Until a short while ago, green LEDs were not commercially available and only red LEDs could be used to show that the batteries of an emergency lighting fixture were taking charge. Following the introduction of green LEDs, the standards were updated as it was felt that ‘green for safe’ was more appropriate.
Confusingly, during the transition between red and green indicator LEDs, there was a period when both types were acceptable. This occurred in the period between the introduction of the new standard and the date of withdrawal (DOW) of the old standard. This transition period has now passed and the current requirements under BS EN 60598-2-22:2014 are for green to indicate a healthy emergency lighting luminaire.
There are now many self-test and DALI self-test systems, where two LED colours are required. In these systems, green is considered to be safe and red is considered to indicate a fault. As an example, faults could be indicated in the following way:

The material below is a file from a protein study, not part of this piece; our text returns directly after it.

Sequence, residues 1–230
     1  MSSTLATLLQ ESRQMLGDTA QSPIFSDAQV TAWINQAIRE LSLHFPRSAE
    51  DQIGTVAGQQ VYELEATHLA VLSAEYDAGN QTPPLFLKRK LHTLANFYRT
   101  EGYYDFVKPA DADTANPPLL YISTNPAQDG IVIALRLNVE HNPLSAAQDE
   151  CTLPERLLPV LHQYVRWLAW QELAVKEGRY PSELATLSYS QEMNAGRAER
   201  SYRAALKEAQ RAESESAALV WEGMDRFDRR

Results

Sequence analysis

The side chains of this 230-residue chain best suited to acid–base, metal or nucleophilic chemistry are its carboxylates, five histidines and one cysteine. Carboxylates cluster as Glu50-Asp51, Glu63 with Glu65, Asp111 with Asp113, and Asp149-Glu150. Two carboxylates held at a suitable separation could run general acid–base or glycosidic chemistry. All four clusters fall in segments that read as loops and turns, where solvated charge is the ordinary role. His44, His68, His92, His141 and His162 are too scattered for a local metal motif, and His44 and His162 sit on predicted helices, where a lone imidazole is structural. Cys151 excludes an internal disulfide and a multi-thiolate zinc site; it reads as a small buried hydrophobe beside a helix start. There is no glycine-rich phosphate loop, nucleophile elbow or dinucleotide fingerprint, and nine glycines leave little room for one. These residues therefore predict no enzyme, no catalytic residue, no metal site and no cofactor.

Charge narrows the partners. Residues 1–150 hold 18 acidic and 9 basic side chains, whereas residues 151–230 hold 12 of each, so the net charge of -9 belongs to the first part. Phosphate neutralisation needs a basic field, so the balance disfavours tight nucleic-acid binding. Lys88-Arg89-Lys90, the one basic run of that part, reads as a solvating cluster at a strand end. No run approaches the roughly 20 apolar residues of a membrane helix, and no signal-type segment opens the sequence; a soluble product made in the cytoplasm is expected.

Luminaires being used in this way will usually feature a bi-colour charge LED showing green for healthy and red for fault indication.
To conclude, all emergency lighting installations should now feature a green charge LED to show a healthy condition. That doesn’t mean that there are no old emergency fittings still in use, but these should be replaced as soon as possible to prevent continuing confusion over the role of that red indicator light.